Abraham Lincoln, “a natural born piggy-backer”: Why “It Happened One Night” is a classic.

I recently learned that a pun I came up with was already well established in the puniverse. You see, my pun went something like Frank Capricorn; it was going to involve a film director, someone born between December 21st and January 20th, a hot dog, and candy corn. But to my chagrin, the term capricorn has been around quite a while, and it refers to … Continue reading Abraham Lincoln, “a natural born piggy-backer”: Why “It Happened One Night” is a classic.

Election: Ambition, it’s a blessing . . . and a curse

Warning: Spoilers!!!!!!!!!! Warning: Spoilers!!!!!!!!! Warning: Spoilers!!!!!!!! Tracy Flick is one of those characters whose notoriety exceeds the boundaries of the story they are a part of. There are so many characters who fit this description, including The Artful Dodger, Scarlett O’Hara, Big Bird, Archie Bunker, The Fonze, and The Dude. These are figures who seem to break free of their narrative landscapes. We remember them, … Continue reading Election: Ambition, it’s a blessing . . . and a curse

The Brady Bunch Movie: Those Were The Days Then and Now, and Jan Finally Gets Her Due

The television show, The Brady Bunch seems anachronistic even for its time. Even in the late 60s, the type of wholesome American family of shows like Make Room for Daddy or Father Knows Best seemed passé. The Brady Bunch debuted in 1969, and consider some of the other programs that were on that year that were far edgier. The most popular show was Rowan & … Continue reading The Brady Bunch Movie: Those Were The Days Then and Now, and Jan Finally Gets Her Due

Clue, the Mere Exposure Effect, the Costanza Gambit, and the Musical without a Song

Warning Spoilers!!!! Warning Spoilers!!! Warning Spoilers!!! Warning Spoilers!!! The Perils of A Favorite Film In the following post, I’m going to argue something a bit odd about a movie I love. I’m going to argue that Clue (1985) can be thought of–or at least discussed in terms of–a musical, even though none of the characters sing. Now, you might be saying to yourself, “but Clue … Continue reading Clue, the Mere Exposure Effect, the Costanza Gambit, and the Musical without a Song

Family Friendly Films: Deep Loves, Deep Cuts, and Might Be’s

I’ve been asked by my friend and colleague, Alana, create a list of family friendly films. Now, this challenge is both easy and hard. It’s easy because there’s no shortage of family friendly films. But that abundance of options is what makes it hard. How does one pick from such a plentiful list? Another challenges comes the way memory erodes our impressions of these stories. … Continue reading Family Friendly Films: Deep Loves, Deep Cuts, and Might Be’s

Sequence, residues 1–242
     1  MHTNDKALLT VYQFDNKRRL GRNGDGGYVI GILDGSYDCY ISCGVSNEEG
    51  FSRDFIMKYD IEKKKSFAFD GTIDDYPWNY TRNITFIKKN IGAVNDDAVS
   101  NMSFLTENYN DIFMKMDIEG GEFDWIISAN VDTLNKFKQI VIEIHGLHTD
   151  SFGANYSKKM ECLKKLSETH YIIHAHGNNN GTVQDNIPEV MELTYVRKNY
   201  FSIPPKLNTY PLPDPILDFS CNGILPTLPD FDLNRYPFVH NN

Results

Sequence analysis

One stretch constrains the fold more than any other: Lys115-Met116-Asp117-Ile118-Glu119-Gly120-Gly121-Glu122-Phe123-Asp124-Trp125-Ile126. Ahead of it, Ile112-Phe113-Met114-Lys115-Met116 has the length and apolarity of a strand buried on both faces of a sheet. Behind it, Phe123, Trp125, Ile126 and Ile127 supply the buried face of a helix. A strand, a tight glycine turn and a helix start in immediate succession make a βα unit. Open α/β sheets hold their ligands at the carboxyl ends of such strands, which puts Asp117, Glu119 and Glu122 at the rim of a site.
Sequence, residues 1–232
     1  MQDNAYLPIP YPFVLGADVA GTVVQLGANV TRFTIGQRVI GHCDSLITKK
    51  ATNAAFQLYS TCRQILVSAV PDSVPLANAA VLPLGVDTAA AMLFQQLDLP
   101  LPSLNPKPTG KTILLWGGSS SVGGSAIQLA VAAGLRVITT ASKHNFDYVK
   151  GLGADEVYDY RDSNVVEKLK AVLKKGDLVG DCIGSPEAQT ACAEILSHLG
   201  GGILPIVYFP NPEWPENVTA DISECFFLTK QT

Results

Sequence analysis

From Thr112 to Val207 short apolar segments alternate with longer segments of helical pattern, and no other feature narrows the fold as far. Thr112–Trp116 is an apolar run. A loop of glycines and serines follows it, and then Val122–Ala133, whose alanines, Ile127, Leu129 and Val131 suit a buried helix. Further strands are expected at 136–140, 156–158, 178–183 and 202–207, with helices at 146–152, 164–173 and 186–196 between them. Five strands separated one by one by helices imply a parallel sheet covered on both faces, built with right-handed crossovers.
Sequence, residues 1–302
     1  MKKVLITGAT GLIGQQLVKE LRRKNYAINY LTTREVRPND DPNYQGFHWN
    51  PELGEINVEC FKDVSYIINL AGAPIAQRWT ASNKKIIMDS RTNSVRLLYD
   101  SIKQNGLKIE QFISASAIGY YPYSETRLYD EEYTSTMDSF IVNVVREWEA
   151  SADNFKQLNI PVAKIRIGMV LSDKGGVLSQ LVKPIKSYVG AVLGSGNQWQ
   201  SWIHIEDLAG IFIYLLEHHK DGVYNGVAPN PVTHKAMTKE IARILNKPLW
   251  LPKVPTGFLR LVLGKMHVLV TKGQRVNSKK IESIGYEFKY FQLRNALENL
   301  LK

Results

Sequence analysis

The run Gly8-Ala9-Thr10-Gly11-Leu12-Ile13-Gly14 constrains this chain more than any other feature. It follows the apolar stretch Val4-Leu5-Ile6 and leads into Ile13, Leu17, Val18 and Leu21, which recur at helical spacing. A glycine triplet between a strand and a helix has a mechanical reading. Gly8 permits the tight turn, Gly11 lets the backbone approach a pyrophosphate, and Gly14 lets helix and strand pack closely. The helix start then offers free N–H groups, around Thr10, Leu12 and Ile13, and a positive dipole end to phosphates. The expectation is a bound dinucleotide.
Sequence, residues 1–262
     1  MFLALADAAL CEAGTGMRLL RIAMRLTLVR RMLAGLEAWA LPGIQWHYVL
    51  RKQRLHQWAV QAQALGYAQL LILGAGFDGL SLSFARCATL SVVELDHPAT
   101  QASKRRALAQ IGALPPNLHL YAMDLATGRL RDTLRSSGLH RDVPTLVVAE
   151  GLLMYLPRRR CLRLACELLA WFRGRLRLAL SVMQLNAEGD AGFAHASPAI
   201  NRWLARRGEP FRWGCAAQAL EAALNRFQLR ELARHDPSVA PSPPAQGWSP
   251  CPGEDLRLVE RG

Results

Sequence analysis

Parasite: Aristotle and Arthur Miller, Tartuffe and Montgomery Cliff, and the Genre of the Ingénue Climber

Warning: Spoilers!!!!!!!!!! Warning: Spoilers!!!!!!!!! Warning: Spoilers!!!!!!!! The 2019 film Parasite, directed by South Korean filmmaker, Bong Joon Ho, has provoked awe in audiences, both for it’s aesthetic construction and for its treatments of the themes of social inequality, fate, and chance. These two layers of the film–it’s artful construction and it’s provocative meaning–work in tandem to tell the story of the nearly destitute Kim family, … Continue reading Parasite: Aristotle and Arthur Miller, Tartuffe and Montgomery Cliff, and the Genre of the Ingénue Climber

Fighting with My Family: Self-Portrayals, Body Slams and Rudy Goes to the Ball

Warning: Spoilers!!!!!!!!! Warning: Spoilers!!!!!!!!! Warning: Spoilers!!!!!!!!! In the mid-twentieth century, Gloria Swanson, an aging out-of-the-limelight former silent film star, played the part of Norma Desmond, a character who might be described as an aging out-of-the limelight former silent film star. This performance, in the film Sunset Blvd. (1950), demonstrated that the legendary Swanson, unlike Desmond, possessed self-awareness and an ability to poke fun at herself. … Continue reading Fighting with My Family: Self-Portrayals, Body Slams and Rudy Goes to the Ball

Bees, Knees, Pilgrimages, and Substitutiary Locomotion: A Review of Bedknobs and Broomsticks

Merovingian Bees: Recasting Identity through Heritage A few years ago, I watched a 93-part episode series on the History of the Christian Church, taught by Professor Ryan Reeves of Gordon Conwell Theological Seminary. The video series is, by the way, immensely educational and creatively put together. One of the most effective techniques Reeves uses is to start each video lecture a bit off kilter, a … Continue reading Bees, Knees, Pilgrimages, and Substitutiary Locomotion: A Review of Bedknobs and Broomsticks

Get Out: Head Fakes, Zombies, and Big Macs in Paris

“And these kinds of head fake learning are absolutely important. And you should keep your eye out for them because they’re everywhere.” Randy Pausch, “The Last Lecture“ I’m not a big zombie movie fan. In fact, to be honest, and I don’t really care for the genre. It might have to do with the fact that they are a subset, or, at least, a close … Continue reading Get Out: Head Fakes, Zombies, and Big Macs in Paris

The Big Short: Edmund Burke and the Sublime in our Stars, our Stripes, and Our Stocks

Some time ago, I heard a quotation from Marshall McLuhan that I instantly recognized as true–and quite insightful: “Anyone who tries to make a distinction between education and entertainment doesn’t know the first thing about either.” As an educator, I know what he’s getting at. We’re more likely to learn, when we’re having fun, either in the formal setting of a school, ambling through nature, … Continue reading The Big Short: Edmund Burke and the Sublime in our Stars, our Stripes, and Our Stocks